The 2015 Canadian GRESB Results are in and the 11 Canadian organizations that submitted the survey fared quite well. Oxford and Bentall Kennedy continue to show leadership, placing 1st in their respective categories and the list of first time GRESB submissions continues to grow (This year Triovest reported for the first time). Still, several more organizations have submitted through the grace period (the survey is submitted but the results are not public) and plan to submit survey responses in 2016.
Changing the Landscape:
It was noted at the 2015 Canadian Results Release that GRESB has transformed the landscape that energy efficiency will be operating as organizations are now looking beyond 1 or 2 year paybacks, to 5 and even 10 year paybacks – Organizations are becoming more forward looking in terms of sustainability, energy efficiency, health and wellness, the list goes on – These features will pay dividends not only in emerging regulations like building labelling in Toronto, but also current and future GRESB submissions.
While Canada fared better than North America as a whole, Australia and New Zealand still remain the global leaders. Looking at the individual aspect score breakdowns (see end for full results) provides additional insight into where the participating Canadian CRE organizations strengths lie.
Canadian firms have robust management strategies in place to address ESG concerns (Scoring 83 vs the global average of 71), however it is clear that with regards to performance indicators, there is much room for improvement (Cdn. Scored 51 vs the global avg. of 38).
Operationalizing management practices from the top down is difficult, especially when sustainability specific staff managing national operations at any CRE organization is limited. Yet progress is possible and had been made in several areas – with Canada fairing strongly in Risks & Opportunities, and greatly outperforming the globe on the topic of stakeholder engagement with a score of 74 vs the global avg. of 53.
Measurement improvements will be the next key issue to improve upon in 2016 and this fits hand-in-hand with performance. You don’t manage what you don’t measure so benchmarking and monitoring programs are important in setting a precedent for performance improvements. Both the measurement and performance areas will provide Canadian CRE organizations with an opportunity to show continual improvement to stakeholders in 2016.
Moving Forward: How GRESB is changing the industry
Moving forward, although GRESB will adjust scoring in the measurement category to account for such high scores across the board in 2015, performance and measurement are likely to be good indicators of how leading firms continue to lead, while also bringing to light emerging leaders in the CRE industry.
The Global Real Estate Sustainability Benchmark [(GRESB) more at– www.gresb.com] has emerged as the dominant reporting framework for the real estate portfolio performance in North America. Specific questions go into greater depth than what is available through CDP and scoring is based on a geographic peer-based ranking system where organizations score within 4 quadrants, ranging from Green Starters to Green Stars. From the asset owner standpoint – GRESB aligns with UN PRI – which in Canada includes over 26 Asset owner signatories.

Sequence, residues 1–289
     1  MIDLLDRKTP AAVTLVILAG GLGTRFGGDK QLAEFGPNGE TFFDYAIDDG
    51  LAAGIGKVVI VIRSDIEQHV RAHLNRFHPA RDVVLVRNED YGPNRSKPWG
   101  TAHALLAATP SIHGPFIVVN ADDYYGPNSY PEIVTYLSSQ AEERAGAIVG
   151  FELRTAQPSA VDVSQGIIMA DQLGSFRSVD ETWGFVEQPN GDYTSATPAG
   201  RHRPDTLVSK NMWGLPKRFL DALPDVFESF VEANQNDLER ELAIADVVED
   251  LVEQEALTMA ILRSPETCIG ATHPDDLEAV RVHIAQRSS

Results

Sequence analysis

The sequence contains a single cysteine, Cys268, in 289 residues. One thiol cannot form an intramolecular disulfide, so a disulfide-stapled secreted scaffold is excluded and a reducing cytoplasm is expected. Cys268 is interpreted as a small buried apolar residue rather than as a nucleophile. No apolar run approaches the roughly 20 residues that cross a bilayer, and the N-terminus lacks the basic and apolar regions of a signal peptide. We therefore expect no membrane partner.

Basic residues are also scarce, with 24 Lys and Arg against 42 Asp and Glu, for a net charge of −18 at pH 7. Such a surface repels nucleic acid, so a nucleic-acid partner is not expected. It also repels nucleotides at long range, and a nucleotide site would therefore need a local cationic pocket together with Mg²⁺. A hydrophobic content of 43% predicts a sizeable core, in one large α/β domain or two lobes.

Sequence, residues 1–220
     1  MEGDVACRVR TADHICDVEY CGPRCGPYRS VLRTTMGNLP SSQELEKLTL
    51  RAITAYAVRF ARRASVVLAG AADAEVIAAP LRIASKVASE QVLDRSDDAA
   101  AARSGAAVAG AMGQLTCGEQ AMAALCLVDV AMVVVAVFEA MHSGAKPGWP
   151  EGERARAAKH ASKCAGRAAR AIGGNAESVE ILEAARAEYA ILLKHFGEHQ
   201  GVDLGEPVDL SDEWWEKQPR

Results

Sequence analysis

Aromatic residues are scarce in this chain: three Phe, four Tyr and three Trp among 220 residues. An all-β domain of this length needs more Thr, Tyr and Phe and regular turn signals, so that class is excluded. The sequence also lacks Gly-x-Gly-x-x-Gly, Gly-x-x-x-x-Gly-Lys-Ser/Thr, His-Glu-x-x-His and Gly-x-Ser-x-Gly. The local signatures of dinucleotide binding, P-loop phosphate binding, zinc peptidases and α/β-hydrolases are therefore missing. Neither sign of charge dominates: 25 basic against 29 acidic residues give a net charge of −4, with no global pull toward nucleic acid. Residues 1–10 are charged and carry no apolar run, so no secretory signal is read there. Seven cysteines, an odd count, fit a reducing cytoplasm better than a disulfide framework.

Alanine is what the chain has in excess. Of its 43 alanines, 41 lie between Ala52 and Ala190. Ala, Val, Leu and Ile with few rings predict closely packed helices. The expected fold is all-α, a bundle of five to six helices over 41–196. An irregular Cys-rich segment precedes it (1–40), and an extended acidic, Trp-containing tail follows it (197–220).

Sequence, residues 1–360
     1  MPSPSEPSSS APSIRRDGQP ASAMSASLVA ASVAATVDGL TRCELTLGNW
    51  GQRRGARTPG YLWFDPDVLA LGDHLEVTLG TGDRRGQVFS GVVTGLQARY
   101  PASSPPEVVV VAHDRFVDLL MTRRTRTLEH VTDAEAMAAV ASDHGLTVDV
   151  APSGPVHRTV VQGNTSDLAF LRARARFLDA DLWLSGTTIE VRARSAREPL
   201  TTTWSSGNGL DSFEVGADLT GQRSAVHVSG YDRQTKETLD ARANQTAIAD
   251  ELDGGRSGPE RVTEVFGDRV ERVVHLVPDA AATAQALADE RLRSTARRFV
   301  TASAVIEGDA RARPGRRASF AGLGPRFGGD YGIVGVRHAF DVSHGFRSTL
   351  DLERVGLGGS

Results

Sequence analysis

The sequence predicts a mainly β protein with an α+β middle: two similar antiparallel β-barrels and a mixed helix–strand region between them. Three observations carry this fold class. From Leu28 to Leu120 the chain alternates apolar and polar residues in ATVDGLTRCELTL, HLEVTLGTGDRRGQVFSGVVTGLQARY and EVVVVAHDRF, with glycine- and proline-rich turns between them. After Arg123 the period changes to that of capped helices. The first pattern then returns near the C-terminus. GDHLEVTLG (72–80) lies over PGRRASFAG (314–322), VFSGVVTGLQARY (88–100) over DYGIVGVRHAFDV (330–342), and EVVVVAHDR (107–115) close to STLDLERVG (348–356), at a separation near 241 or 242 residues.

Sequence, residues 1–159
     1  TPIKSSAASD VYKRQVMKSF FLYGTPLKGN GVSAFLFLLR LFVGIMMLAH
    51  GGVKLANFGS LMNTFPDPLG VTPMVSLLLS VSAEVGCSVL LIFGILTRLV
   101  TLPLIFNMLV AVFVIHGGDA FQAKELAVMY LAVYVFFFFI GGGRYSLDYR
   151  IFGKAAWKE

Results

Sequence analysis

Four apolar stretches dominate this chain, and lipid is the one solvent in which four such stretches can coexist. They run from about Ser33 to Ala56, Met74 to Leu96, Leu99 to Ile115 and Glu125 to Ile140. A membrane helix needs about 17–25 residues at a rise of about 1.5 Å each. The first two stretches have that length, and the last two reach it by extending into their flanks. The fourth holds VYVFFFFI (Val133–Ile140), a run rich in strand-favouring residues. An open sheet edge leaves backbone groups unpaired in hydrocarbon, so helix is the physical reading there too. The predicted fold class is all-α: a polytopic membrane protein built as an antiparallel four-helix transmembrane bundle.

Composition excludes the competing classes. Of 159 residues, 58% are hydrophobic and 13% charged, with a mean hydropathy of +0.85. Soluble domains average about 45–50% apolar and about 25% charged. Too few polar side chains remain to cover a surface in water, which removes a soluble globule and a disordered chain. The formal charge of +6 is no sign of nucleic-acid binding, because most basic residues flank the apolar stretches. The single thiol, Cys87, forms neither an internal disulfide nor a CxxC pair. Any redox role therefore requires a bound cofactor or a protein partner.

The emphasis on ESG performance metrics for investors has added an additional layer of transparency of how Property Management firms operate and the environmental management practices in place throughout a portfolio. Analysts are increasingly incorporating ESG factors into financial models for companies under coverage to assess and predict performance. Additionally, performance can be assessed and tracked against the annual GRESB Survey Results.
The implications have trickle down effects at the property level. This can range from corporate energy, water, waste or GHG mandates to corporate wide targets. Support from large pension fund investors for investment in energy efficiency measures with longer perspective paybacks is also something that may become more.
The Performance Indicators Section covers the actual operational and performance aspects within a portfolio. With regards to data, GRESB supports Energy Star Portfolio Manager data transfer for GRESB submissions. The second aspect of Performance indicators is data coverage – which would include real time data availability and sub-metering systems in place as well as overall availability of data. With one of the weakest scores in the 2015 survey results, there is a lot of room for improvement in the Performance Indicators section (This is second only to Building Certifications).
As GRESB rapidly cements itself as the standard for real estate portfolio ESG performance assessment, around the world, we can expect to see increasing emphasis on energy management efforts.
Special appreciation to Kyle Pinto for his work in putting the above article together.
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Canadian Aspect Scores vs Global Average
Management: CDN: 83, Global. Avg: 71
Policy and Disclosure: CDN: 76, Global Avg: 57
Risks and Opportunities: CDN: 81, Global Avg. 71
Monitoring and EMS: CDN: 64, Global Avg. 57
Performance Indicators: CDN: 51, Global Avg. 38
Building Certifications: CDN: 48, Global Avg. 36
Stakeholder Engagement: CDN: 74, Global Avg. 53
New Construction and Major Renovations: CDN: 52, Global Avg. 38
Source: GRESB 2015 Results Release Presentation, Chris Pyke, COO GREB. Sept 15, 2015.
This entry was posted on October 8, 2015 by Kyle Pinto. Kyle is in charge of Sustainability Strategy and Implementation and heads our sustainability service offerings.